Obviously some government is both necessary and valuable and if government controlled its spread and reach, as James Madison in particular designed it to do, the system would work to society's benefit. What Hazlitt comments on is that government not only does not effect self-control, it does pretty much the opposite. (To review the everyday realities of how and why this happens recall Bertrand de Jouvenel's five-step circular political process in On Power [Chapter 15]).
     When Hazlitt expands his investigation to macroeconomics he begins with an observation he considers primary in then current circumstances: "There is no more persistent and influential faith in the world today than the faith in government spending." Such thinking, inspired by economist John Maynard Keynes, Hazlitt calls the


most fundamental fallacy of his time. This judgment remains as apt today as when Hazlitt first expressed it. While Americans watch tax receipts continuously fall short of government spending the federal debt lurches toward one hundred ten trillion dollars. As this spending seems not to have had a substantial effect on the underlying problems toward which, decade after decade, trillion after trillion, these funds are directed, Hazlitt's commentary on the dangers of over-sized government remain more than topical.
     For Hazlitt, the negative economic consequences of any government's interventions in the marketplace-whether through government spending or regulation or taxation, etc.,-are cumulative and self-perpetuating. The progression is thus: first, government procures its funds through taxation. Hazlitt observes that the value of those funds diminishes when they pass through the collecting bureaucracy because of the expense of the bureaucracy itself. This cost, which Hazlitt calls friction, significantly lessens the economic benefit to society of whatever government purpose is afoot. Then government uses the remaining tax dollars to set up an additional bureaucracy for each program it creates. All of these actions have a negative impact on both the freedom experienced by the public (it is less at liberty to dispose of its own wealth) and the free market's ability to perform its magic (it is less able to take advantage of the multiplier effect of ordinary economic activity because there are fewer resources with which to multiply). Of course, if the government simply spends money it has not collected in taxes, by means of deficit spending, the negative effects already described by Hazlitt are merely compounded by the inflation such spending causes and the additional interest cost thus created.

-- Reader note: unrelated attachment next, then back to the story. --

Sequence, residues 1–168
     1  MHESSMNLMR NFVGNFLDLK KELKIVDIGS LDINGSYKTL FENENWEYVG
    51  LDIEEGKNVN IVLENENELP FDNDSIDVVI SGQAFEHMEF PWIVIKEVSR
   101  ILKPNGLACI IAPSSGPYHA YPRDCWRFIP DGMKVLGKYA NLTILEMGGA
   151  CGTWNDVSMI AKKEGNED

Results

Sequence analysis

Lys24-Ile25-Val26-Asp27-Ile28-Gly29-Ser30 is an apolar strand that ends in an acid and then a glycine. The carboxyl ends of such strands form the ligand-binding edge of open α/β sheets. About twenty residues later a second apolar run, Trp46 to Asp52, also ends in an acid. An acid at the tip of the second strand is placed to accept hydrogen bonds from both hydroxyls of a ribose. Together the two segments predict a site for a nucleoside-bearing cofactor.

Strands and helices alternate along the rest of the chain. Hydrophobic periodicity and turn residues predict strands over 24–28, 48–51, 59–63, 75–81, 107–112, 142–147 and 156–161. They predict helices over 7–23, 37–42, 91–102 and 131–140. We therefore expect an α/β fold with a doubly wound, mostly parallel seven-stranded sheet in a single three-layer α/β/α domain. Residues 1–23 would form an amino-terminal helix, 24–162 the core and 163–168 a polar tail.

Economic dampening is the far more important consequence of intrusive government activity; the money diverted from the people by taxation precludes them from using those funds as they would have had they not been taken in the first place. But, based simply on the math, he further explains that

               for every public job created . . . a private job has been destroyed….

These financial diversions directly skew the economy in a relatively straightforward manner. Since the people who act to create private enterprise end up paying more to achieve their goals-because they have to support the cost of their efforts and pay the cost of government


endeavors simultaneously-the amount they produce decreases and the concomitant multiplier effect of their private effort is reduced. Because there is now less economic activity to tax government revenues decrease as well. In the worst case scenario the entrepreneur abandons his goals altogether